Bladder problems are not an inevitable part of aging
The International Continence Society has asked the World Federation for Incontinent Patients (WFIP), a valued IAPO member, to run World Continence Awareness Week from 20-26 June in order to raise awareness of incontinence, a debilitating and much ignored condition that affects over 400 million people worldwide.
The WFIP is calling on patients and patients’ organizations to take part in the week by organising events, however big or small, to help educate and spread the message that something can be done about the condition. Continence issues are rarely given prominent attention in mainstream media and discussions. The awareness week is a chance to reverse this.
Not just a part of growing old
Too often, patients are incorrectly told that incontinence is just a ‘part of growing old’. Through the World Continence Awareness Week, the WFIP will be highlighting that bladder problems are ‘not an inevitable part of aging’ and that no-one should have to learn to live with the stigma and embarrassment of incontinence. Given that incontinence affects around 1 in 4 women over the age of 35 and 1 in 10 adult men, this is a crucial campaign to demonstrate the widespread nature of the condition and its impact on the lives of adults and children of all ages. For example, the condition affects the quality of life of many women after childbirth, as well as those patients having undergone prostate operations.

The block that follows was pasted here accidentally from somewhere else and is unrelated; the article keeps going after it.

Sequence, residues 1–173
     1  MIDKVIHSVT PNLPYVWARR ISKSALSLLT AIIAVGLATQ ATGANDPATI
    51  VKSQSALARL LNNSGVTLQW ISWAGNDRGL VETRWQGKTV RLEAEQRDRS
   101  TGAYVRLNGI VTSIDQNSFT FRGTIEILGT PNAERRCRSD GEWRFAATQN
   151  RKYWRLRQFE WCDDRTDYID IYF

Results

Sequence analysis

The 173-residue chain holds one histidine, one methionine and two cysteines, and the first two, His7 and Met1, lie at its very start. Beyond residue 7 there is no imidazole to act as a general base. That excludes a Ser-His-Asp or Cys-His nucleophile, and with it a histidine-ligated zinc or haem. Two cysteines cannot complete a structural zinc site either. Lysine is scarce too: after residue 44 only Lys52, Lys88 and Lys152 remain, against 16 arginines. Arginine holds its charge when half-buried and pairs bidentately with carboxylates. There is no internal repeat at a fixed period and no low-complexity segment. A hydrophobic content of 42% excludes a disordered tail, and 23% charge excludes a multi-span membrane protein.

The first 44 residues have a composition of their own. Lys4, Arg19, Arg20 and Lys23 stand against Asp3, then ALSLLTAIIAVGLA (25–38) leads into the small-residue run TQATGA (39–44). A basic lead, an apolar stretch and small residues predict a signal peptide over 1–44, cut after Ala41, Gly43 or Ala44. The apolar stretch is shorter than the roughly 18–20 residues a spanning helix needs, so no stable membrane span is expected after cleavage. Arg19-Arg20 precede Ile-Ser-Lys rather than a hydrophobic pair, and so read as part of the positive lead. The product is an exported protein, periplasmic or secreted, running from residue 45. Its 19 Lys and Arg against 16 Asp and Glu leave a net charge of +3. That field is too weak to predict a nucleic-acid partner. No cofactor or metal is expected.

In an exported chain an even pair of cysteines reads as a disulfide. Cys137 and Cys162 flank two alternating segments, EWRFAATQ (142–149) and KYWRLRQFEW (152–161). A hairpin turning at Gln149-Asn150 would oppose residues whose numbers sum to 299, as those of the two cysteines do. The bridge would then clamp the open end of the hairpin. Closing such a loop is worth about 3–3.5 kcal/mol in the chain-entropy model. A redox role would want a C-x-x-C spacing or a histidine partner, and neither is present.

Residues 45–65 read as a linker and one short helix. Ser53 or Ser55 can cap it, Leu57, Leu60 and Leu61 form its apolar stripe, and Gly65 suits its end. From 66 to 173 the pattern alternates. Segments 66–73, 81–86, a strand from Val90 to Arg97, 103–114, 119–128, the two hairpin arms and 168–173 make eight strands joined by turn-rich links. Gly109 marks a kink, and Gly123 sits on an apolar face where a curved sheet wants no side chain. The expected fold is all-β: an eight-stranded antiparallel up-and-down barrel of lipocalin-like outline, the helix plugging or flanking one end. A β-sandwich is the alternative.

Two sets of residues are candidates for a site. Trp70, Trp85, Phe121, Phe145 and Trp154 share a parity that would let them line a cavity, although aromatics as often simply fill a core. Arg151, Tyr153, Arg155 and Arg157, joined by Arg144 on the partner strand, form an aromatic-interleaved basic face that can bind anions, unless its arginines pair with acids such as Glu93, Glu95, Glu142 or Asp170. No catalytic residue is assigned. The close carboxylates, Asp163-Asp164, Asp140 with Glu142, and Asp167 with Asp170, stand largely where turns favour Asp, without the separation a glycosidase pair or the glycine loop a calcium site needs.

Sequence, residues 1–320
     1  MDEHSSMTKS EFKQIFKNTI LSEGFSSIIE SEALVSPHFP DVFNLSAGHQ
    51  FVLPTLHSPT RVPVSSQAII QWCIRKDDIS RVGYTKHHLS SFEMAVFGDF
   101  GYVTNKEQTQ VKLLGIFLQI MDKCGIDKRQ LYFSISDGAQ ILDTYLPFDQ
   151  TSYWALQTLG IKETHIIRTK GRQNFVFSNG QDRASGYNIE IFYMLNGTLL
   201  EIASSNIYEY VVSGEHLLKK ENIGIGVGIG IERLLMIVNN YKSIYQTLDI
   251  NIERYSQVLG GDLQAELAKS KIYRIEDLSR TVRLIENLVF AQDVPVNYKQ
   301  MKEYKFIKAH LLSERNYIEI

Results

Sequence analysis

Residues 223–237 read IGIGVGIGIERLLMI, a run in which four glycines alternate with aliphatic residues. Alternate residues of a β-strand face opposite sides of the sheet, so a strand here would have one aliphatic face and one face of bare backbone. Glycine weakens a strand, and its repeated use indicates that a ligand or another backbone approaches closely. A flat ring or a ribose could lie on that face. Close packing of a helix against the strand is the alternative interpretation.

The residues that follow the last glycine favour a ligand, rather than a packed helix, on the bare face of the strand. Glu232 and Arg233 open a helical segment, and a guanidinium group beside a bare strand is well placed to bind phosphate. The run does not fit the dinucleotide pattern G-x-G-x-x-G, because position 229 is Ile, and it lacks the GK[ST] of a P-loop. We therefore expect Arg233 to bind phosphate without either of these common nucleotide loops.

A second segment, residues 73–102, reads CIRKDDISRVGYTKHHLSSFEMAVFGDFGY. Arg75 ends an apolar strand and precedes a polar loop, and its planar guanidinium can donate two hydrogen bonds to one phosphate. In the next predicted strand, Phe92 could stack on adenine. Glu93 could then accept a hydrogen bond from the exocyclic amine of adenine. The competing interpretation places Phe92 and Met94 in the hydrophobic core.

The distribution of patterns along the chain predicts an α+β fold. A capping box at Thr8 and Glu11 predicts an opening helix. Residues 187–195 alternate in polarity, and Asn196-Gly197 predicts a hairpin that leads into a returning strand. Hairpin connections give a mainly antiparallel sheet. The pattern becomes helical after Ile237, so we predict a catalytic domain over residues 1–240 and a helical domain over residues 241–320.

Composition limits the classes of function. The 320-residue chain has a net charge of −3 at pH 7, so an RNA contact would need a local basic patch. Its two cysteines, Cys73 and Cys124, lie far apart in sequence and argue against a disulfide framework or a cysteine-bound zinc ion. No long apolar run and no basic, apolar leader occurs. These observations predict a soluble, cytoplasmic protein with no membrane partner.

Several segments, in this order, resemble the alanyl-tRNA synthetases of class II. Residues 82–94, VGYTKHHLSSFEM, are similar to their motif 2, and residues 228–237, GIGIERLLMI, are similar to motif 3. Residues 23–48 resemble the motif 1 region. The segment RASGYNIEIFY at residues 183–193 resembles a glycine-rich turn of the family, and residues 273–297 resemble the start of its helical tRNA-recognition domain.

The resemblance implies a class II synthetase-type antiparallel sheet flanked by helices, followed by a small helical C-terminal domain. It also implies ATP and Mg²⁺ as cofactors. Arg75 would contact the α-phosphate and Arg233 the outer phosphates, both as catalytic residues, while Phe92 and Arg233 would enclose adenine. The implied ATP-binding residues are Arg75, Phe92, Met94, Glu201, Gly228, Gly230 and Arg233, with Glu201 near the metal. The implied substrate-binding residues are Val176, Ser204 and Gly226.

Given that incontinence affects around 1 in 4 women over the age of 35 and 1 in 10 adult men, this is a crucial campaign to demonstrate the widespread nature of the condition and its impact on the lives of adults and children of all ages.
Car boot sales and sponsored runs
From car boot sales to sponsored runs, to physiotherapists running free pelvic floor exercise sessions in public places, the WFIP is asking for patients and patients’ groups to help promote the campaign’s message that the condition can be treated, often cured, and always managed.
There will be a number of events held in Africa (especially Uganda), thanks to the WFIP’s new African member organizations. There will also be activities held by patients’ organizations in India and a number of other countries around the world. If you can help by organising an event to mark the World Continence Awareness Week, however big or small, please let the WFIP know through their Facebook page.